Illicit financial flows exceed US$ 1 trillion for the 3rd year straight
Spending my Holidays on the sunny beaches of the Caribbean, I got some good time to catch up on some long overdue reading. With many tax administrations being absorbed with preparations for FATCA and/or CRS reporting, the ultimate goal for sharing tax information with other countries can get lost. Why does the world need all this sharing of tax information and why are countries pushing to get AEOI implemented?
The first study I picked up was the latest by Global Financial Integrity (GFI) on illicit financial flows due to tax evasion, crime, and corruption. The study (Illicit Financial Flows from Developing Countries: 2004 – 2013) calculates that illicit financial flows from developing and emerging economies exceeded US$ 1 trillion for the 3rd year straight and cumulatively account for US$ 7.8 trillion over a 10 year span. Think about this number for a moment….. not millions and not even billions, this is trillions of capital flowing out of these countries. To put this into perspective:
- It would take the total GDP of the bottom 100 countries combined (as ranked by the World Bank) to total US$ 1 trillion
- The total of illicit financial flows leaving these countries is more than the total of all foreign aid and foreign direct investment into these same countries
- It is estimated that in various countries for every single dollar of development aid ten dollars flow out of the country illegally
- Illicit financial flows averaged a staggering 4.0 percent of the developing world’s GDP
If you take the total illicit financial flows per country and divide that number with the GDP of the respective country, you can measure the illicit financial flows as a percentage of the GDP.
The most damaging economic problem
As per GFI’s President Raymond Baker, a longtime authority on financial crime, “this study clearly demonstrates that illicit financial flows are the most damaging economic problem faced by the world’s developing and emerging economies”. Personally, I fully agree with this statement and getting a grip on these illicit financial flows is essential for every country to stabilize their own financial market. If countries are able to contain half of these illicit financial flows, they would be able to self-fund a sustainable economic development in their respective countries. Due to these ongoing outflow of capital, many of the developing countries are in fact net creditors to the rest of the world, with more assets stashed abroad than they owe to foreign creditors (Henry 2012, Ndikumana/Boyce 2011). This helps explain the dire conditions of many communities in the developing world, whose members are unable to enjoy basic human rights such as housing, education, sanitation or health, among others. Even the United Nations recognizes this urgency and has recently adopted the Sustainable Development Goals for the next 15 years. It marks the first time that illicit financial flows are considered part of the development efforts and global commitment.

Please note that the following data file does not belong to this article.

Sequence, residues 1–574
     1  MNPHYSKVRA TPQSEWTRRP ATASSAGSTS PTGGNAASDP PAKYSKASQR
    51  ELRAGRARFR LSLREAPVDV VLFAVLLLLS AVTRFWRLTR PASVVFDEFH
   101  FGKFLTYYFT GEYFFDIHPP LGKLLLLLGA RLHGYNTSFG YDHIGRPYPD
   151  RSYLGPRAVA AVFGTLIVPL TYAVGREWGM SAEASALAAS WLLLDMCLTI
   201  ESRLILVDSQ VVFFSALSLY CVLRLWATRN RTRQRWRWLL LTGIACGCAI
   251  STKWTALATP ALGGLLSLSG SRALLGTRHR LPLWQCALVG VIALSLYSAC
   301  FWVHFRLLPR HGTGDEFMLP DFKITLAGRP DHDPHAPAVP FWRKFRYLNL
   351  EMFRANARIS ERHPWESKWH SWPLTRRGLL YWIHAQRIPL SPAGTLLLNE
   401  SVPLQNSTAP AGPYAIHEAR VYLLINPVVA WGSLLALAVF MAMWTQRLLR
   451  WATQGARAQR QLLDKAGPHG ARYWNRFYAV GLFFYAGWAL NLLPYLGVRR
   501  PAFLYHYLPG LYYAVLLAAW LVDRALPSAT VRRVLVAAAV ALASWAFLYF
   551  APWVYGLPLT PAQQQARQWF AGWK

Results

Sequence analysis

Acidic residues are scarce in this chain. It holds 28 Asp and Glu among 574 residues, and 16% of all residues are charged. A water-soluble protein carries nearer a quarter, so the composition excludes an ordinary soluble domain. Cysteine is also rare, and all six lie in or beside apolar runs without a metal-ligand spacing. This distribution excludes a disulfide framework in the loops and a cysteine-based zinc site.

Getting a grip on illicit financial flows
Illicit financial flows can only be stopped when countries start exchanging information. That is why the push for sharing tax information through Automatic Exchange of Information (AEOI) is so important. Countries can start analyzing financial information of all their financial institutions’ account holders and track capital flows. Over 90 countries have committed to start exchanging data as early as 2017 using the Common Reporting Standard (CRS), following in the footsteps of the US’ Foreign Account Tax Compliance Act (FATCA), which has been put in effect by the IRS per 2015.
Impact on tax authority
My experience in dealing with governments is that implementing AEOI will not be done easily and complying with all regulations has a great impact on tax authorities. A streamlined process and automated technical system that meets international requirements and all stringent regulations will greatly relief the burden on a tax authority. Building this non-core process in-house will most often result in unfavorable results, high cost of maintenance, big cost overruns and increased risk of non-compliance. Buying a proven solution that meets all international standards and is already in use in other countries, is the much safer route to choose.
I have said it before in my previous blog, but I applaud the efforts for reducing illicit financial flows. And even though AEOI is only one of many steps in the process to be taken, complying with FATCA / CRS will eventually have a positive effect on the economic development and financial system of developing and emerging countries. I look forward to 2016 to see how countries will implement AEOI. Best wishes for everyone!